Q: How will the recruitment process work?

A: We are holding an information session at UCR from 9 a.m. to 12 noon Saturday, Nov. 12, on campus that is open to anyone wanting more information about the process. Also, we have been making a concerted effort to reach homeschool families through Web sites and Web logs. For example, if you search on Google for "UCR, homeschool" there are significant numbers of Web sites that are letting people know about the program. One specific site is
Also, And don't forget the Web site at UCR:

Q: Is this a pilot program for the whole UC system?

This is an independent project, based on a request from UCR faculty members. Homeschool students deserve a chance to be considered for the UC system and accepted if they are qualified. Since other high school students have their transcripts to show that they took the required courses, homeschool students should have a chance to show what kind of work they did during their high school years. “UCR is interested in students with high levels of achievement, promise, and contribution,” said LaRae Lundgren, director of admissions. “"We are looking for creative ways to discover these students.”

Q: What is the best way to describe who is eligible for the portfolio process?

A: UCR is looking for students who have had rigorous preparation in English, math, science, history, foreign language and the arts, something approaching the requirements you see in the A-G listing here:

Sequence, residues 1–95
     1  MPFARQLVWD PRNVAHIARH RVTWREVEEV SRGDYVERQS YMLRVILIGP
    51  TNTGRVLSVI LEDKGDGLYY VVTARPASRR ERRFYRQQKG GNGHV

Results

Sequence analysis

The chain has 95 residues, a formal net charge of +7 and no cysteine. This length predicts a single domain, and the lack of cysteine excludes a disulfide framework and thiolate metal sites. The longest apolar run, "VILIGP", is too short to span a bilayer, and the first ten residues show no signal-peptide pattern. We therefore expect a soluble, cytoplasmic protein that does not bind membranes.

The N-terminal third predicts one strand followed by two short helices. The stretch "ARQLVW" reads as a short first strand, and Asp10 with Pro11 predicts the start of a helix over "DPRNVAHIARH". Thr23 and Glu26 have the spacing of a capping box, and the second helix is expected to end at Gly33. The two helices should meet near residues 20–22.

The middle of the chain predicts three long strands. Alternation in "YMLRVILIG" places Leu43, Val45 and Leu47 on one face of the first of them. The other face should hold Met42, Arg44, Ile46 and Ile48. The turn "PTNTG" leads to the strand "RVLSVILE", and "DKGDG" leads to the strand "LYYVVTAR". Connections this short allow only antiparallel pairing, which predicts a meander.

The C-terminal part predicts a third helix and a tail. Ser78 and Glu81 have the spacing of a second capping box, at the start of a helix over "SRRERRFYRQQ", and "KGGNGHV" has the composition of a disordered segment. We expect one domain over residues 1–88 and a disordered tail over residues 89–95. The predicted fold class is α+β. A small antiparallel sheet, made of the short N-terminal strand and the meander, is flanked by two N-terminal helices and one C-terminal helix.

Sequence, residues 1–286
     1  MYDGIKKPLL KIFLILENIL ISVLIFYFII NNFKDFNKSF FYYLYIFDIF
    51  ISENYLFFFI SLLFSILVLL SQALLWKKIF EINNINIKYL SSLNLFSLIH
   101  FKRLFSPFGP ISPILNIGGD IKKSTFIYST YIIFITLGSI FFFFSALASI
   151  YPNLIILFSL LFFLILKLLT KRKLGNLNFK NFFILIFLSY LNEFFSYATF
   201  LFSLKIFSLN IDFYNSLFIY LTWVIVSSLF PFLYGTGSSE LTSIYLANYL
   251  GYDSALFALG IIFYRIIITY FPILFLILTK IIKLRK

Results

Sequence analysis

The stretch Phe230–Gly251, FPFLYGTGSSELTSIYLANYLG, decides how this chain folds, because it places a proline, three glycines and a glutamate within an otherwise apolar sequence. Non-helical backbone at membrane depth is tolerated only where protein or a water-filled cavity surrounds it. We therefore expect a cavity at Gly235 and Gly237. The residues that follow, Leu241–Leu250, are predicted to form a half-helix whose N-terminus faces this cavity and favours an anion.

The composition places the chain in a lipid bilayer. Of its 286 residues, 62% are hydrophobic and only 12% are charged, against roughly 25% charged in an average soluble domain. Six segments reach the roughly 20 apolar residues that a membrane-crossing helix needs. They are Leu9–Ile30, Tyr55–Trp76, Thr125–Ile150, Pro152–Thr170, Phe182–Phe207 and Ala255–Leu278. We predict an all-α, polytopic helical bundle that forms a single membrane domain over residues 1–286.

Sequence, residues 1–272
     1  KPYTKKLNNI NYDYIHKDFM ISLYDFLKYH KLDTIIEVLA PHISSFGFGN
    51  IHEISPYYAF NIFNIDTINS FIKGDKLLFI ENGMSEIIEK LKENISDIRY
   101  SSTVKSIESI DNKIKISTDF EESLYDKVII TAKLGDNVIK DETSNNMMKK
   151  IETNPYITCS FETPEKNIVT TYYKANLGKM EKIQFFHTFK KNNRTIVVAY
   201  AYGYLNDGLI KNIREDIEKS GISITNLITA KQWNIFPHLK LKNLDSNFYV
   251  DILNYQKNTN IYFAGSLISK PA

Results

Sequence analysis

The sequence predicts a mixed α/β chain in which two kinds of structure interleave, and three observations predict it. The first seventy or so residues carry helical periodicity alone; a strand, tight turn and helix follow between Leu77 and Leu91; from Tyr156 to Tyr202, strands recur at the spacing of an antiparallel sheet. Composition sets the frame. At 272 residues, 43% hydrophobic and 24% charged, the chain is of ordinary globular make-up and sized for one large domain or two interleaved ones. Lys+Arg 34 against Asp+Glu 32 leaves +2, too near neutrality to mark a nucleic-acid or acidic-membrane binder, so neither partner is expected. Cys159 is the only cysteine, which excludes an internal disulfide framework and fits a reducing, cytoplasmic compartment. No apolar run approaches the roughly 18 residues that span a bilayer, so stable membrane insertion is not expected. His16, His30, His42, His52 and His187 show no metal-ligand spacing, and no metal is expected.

a. History — 2 years required
b. English — 4 years required
c. Mathematics — 3 years required, 4 years recommended
d. Laboratory Science — 2 years required, 3 years recommended
e. Language Other Than English — 2 years required, 3 years
f. Visual and Performing Arts — 1 year required
g. College Preparatory Electives — 1 year required

Professor Frank Vahid notes that even if a homeschooled student has not studied all the subjects listed, they should still apply. It is the portfolio review that will help the committee determine the breadth and depth of the education. So for instance, if a homeschooled student did not study a foreign language, but studied particularly deeply in another subject area, the faculty committee will look at the whole picture to decide if this student can be successful at UCR.

Q: How does UCR define "Other Nontraditionally Educated Students"?

A: Students who did not complete a traditional high school curriculum and do not have a way to show their completion of the "A through G" subject requirements for admission to the UC. One example might be a student who studied online through a charter school. But there are probably many other specific examples.

The University of California, Riverside ( is a doctoral research university, a living laboratory for groundbreaking exploration of issues critical to Inland Southern California, the state and communities around the world. Reflecting California's diverse culture, UCR's enrollment has exceeded 21,000 students. The campus opened a medical school in 2013 and has reached the heart of the Coachella Valley by way of the UCR Palm Desert Center. The campus has an annual statewide economic impact of more than $1 billion.